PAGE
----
Review: Dead in the Water by Simon McCleave


Print Length: 343 pages
Publisher: Avon (June 20, 2024)

From  When a seventeen-year-old girl vanishes from her home overnight, DI Laura Hart knows that time is of the essence.

Then, an inmate at the local prison is murdered in her cell and suddenly Beaumaris CID is juggling two major investigations.

With inmates refusing to talk to the police, Laura is forced to take drastic going undercover behind bars.

With everyone under suspicion, Laura’s true identity must be kept a secret, meaning no one can protect her.

Locked in with a killer, it’s a race against time – can Laura find a lead… before she’s found out?

My Rating: 2 stars out of 5

Right off the bat, let me say I am very confused as to why this novel is listed as DI Ruth Hunter #5 when this book has absolutely nothing to do with Ruth. But once I got over that initial confusion.... I was still left confused. 

See the problem with this one is that when it begins, there are two main plot-lines running side by side. The murder of a female prisoner as well as the possible abduction of a teenage girl.  And every chapter is told from the point of view of one of the two characters that is heading up that particular investigation along with the numerous people that they encounter during their separate investigations. Of course, no one at the prison are willing to talk, which means we now get a third point of view included into the mix, that of DI Laura Hart who has agreed to go undercover as a prisoner in order to try and get to the bottom of what really happened. And while each chapter does tell you the location of where events will be taking place so you are able to keep track of which line of inquiry you are on, the characters are so numerous and one-dimensional that it all starts to blend together.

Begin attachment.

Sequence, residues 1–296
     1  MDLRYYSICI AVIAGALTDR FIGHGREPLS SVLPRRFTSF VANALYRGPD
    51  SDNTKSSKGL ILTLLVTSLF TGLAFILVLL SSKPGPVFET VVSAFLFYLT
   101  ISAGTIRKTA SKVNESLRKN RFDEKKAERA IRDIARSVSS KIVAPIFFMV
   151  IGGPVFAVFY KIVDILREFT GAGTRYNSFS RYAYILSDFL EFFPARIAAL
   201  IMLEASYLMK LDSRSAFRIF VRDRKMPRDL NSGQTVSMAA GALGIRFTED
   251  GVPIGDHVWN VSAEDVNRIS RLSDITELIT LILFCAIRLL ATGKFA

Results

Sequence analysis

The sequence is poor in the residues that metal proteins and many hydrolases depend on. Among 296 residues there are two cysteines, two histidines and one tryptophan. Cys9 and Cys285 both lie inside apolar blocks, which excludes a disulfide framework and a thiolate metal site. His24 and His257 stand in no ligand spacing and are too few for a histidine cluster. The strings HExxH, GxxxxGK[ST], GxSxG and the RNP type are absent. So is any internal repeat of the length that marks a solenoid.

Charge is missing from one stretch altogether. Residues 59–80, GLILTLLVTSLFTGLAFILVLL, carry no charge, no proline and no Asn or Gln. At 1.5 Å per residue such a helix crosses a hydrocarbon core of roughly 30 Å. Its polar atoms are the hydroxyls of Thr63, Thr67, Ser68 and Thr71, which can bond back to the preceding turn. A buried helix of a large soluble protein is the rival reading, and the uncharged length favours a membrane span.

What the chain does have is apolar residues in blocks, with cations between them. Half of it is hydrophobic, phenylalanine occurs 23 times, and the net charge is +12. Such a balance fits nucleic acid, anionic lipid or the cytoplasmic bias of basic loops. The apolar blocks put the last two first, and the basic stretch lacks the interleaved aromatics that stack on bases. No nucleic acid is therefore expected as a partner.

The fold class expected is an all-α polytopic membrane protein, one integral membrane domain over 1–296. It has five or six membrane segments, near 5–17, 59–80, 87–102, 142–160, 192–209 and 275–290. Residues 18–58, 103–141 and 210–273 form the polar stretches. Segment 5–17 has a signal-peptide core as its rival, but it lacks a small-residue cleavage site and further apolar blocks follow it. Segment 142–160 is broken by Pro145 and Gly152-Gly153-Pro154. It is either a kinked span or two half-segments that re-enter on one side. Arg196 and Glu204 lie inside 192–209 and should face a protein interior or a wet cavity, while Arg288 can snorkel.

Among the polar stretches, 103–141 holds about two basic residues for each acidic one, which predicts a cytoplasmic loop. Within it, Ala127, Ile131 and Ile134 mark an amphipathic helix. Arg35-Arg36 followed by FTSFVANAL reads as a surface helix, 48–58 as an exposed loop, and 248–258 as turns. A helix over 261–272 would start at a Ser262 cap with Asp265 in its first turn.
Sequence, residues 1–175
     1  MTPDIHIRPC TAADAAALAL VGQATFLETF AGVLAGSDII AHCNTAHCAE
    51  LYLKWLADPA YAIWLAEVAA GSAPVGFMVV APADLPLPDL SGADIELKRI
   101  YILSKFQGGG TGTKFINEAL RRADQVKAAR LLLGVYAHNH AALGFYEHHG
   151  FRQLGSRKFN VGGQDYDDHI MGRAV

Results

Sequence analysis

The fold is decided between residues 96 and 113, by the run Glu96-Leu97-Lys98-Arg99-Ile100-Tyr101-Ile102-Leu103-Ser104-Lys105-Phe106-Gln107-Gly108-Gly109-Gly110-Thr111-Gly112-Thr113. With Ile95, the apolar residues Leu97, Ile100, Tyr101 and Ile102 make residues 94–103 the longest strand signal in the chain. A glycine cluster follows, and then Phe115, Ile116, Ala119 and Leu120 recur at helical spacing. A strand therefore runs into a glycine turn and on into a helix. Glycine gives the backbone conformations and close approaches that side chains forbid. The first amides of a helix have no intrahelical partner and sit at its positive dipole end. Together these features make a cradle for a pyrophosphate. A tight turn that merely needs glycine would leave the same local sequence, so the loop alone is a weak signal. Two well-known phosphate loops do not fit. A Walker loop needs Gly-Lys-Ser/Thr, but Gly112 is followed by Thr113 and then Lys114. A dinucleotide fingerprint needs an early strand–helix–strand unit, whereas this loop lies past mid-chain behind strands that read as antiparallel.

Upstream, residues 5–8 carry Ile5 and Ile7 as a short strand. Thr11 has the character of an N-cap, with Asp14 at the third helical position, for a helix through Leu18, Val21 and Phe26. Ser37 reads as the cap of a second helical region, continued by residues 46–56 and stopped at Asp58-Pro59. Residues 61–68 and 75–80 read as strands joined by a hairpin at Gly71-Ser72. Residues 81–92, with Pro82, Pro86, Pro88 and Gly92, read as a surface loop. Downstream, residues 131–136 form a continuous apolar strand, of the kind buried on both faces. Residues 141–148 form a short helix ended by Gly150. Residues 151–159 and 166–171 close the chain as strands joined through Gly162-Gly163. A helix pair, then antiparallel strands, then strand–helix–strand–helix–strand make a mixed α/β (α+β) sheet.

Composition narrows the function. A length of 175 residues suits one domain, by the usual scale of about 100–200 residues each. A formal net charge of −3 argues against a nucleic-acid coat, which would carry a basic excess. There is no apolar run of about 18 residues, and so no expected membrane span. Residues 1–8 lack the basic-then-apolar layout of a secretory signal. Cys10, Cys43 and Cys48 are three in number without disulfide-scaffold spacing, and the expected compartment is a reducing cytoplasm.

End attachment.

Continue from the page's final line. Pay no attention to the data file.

I was a little confused on just how quickly the other inmates figured out there was an undercover cop in their midst considering no one at the prison knew it, and very little people on the force knew about it. It seemed just a little too convenient for me to believe, as it would have made more sense if the governor (also known as a warden here in America) had let it slip since she claimed to recognize her. 

As the story moves on, the reader does eventually find out that the story-lines are connected and there are numerous red-herrings in place to keep the reader distracted and guessing. Despite that, I found it easy to put this book down to go and do other things, sometimes not coming back to it until a day or two later. And once things were wrapped up, I was still left with questions and things still felt unresolved (the supposed drug trade happening inside of the prison for one thing). 

All things considered, I may give this author another chance down the road, but I most likely won't be continuing on with this particular series. 

DISCLAIMER: I received a complimentary copy of this novel from the publisher. This has not affected my review in any way. All thoughts and opinions expressed in this review are 100% my own.

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